In the latest issue of Dissent Magazine, Michelle Chen explores how eugenics thought shaped American immigration policy in the 1920s and beyond.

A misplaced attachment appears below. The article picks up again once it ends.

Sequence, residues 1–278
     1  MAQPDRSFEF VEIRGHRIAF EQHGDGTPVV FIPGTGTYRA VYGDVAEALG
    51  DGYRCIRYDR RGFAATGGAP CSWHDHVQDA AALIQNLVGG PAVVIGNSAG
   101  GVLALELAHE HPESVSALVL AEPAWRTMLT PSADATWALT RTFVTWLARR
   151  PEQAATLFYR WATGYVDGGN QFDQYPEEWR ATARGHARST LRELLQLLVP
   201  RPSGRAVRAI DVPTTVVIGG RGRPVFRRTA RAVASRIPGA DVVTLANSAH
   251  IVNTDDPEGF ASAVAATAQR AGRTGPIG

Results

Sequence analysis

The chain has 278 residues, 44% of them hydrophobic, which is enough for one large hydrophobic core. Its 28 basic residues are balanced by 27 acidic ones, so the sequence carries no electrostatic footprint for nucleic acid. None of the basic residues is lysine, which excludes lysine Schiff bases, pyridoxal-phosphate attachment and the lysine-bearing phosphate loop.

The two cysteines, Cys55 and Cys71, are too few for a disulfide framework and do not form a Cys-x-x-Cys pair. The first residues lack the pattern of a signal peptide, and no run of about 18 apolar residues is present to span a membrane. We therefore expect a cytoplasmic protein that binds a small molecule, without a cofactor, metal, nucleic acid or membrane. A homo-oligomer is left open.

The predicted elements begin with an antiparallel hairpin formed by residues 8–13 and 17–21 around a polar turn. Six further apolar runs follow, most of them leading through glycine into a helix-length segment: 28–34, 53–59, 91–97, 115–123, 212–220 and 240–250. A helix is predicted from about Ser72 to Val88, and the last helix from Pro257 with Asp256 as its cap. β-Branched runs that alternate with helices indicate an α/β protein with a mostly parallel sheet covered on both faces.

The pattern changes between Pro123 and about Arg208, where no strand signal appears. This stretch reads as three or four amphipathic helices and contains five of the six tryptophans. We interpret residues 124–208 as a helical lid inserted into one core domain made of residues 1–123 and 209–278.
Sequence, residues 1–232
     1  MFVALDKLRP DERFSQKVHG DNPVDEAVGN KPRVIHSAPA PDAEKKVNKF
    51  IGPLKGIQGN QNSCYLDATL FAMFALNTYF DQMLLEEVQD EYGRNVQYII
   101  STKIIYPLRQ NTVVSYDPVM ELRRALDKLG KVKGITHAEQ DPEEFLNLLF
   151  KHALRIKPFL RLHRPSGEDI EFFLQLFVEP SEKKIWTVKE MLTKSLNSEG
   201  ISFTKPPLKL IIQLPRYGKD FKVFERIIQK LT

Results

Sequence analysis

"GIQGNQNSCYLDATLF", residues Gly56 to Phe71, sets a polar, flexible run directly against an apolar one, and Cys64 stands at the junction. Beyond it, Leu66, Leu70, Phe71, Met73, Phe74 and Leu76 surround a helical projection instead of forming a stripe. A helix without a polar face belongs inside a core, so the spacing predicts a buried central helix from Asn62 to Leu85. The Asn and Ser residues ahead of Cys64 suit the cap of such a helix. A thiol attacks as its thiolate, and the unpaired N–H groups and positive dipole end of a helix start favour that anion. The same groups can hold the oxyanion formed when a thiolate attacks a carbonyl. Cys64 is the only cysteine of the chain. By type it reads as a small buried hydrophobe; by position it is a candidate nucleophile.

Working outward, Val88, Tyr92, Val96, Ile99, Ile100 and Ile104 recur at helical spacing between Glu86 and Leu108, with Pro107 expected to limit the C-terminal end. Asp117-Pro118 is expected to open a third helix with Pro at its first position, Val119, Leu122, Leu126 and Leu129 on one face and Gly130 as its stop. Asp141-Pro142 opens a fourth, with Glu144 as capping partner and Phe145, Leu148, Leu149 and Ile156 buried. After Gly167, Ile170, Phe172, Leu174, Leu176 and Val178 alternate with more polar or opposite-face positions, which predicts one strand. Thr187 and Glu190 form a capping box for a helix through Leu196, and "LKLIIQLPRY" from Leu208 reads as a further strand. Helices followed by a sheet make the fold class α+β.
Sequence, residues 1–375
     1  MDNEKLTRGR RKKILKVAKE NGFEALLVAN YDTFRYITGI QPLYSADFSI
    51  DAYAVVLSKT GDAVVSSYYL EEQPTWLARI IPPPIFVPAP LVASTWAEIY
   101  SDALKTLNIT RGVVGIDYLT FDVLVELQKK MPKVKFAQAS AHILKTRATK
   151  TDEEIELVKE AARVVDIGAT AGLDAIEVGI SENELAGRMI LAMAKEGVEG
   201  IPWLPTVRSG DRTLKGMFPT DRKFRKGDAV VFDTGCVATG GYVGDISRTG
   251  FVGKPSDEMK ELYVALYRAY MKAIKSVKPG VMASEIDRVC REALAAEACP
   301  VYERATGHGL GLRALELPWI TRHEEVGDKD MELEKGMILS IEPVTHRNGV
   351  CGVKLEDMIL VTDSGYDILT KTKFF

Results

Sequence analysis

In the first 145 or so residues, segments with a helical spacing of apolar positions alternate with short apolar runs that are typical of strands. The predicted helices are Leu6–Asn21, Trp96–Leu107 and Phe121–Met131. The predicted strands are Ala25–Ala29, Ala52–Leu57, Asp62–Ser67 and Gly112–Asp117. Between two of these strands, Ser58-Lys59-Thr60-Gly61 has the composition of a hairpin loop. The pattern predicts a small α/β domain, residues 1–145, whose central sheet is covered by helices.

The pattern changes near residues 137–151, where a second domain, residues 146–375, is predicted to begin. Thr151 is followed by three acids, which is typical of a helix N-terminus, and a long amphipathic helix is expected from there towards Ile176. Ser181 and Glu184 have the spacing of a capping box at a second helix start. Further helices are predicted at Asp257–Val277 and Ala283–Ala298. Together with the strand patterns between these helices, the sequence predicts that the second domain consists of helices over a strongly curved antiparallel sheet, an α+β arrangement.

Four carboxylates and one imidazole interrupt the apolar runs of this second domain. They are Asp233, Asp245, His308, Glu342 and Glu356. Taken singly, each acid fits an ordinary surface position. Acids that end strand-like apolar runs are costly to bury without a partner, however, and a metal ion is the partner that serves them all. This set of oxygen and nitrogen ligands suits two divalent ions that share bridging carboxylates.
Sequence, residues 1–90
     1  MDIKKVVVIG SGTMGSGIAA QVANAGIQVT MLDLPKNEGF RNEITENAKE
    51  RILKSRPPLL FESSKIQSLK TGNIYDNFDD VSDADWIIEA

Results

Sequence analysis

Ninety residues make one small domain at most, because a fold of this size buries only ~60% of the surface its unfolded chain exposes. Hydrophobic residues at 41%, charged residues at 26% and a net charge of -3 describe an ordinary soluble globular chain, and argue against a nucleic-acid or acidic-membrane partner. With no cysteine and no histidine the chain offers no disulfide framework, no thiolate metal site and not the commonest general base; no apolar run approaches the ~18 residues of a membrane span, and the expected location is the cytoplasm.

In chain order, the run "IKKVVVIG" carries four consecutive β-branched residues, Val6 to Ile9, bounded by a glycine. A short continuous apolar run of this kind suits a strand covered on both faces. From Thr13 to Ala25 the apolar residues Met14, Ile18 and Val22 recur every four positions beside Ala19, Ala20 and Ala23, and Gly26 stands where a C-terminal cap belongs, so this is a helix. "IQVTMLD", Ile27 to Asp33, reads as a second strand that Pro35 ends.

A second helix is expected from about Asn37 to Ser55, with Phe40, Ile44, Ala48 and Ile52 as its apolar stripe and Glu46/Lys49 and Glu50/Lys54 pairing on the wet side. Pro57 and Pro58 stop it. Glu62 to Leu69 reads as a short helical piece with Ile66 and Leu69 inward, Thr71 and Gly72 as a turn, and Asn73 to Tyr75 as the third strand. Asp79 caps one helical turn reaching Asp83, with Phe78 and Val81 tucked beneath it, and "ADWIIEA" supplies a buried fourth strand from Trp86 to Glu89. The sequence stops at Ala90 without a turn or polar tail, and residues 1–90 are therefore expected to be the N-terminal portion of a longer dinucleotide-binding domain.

“Eugenics did not invent whiteness. Well before they intersected with evolutionary theory, ideas of race and racism had been central to colonialism and slavery and had been used to justify the genocide of indigenous peoples. But eugenics built on earlier philosophies of human nature by tying genetics and racial identity to notions of modernity and progress. Linking hereditary traits to intelligence or temperament helped reconcile the ideal of democracy—a principle theoretically based on inclusion and equality—with a culture that dehumanized the Other. This rationalization of privilege aimed to keep the economic hierarchy humming, enforce the illusion of meritocracy, and simultaneously curb the social mobility of supposedly inferior groups.”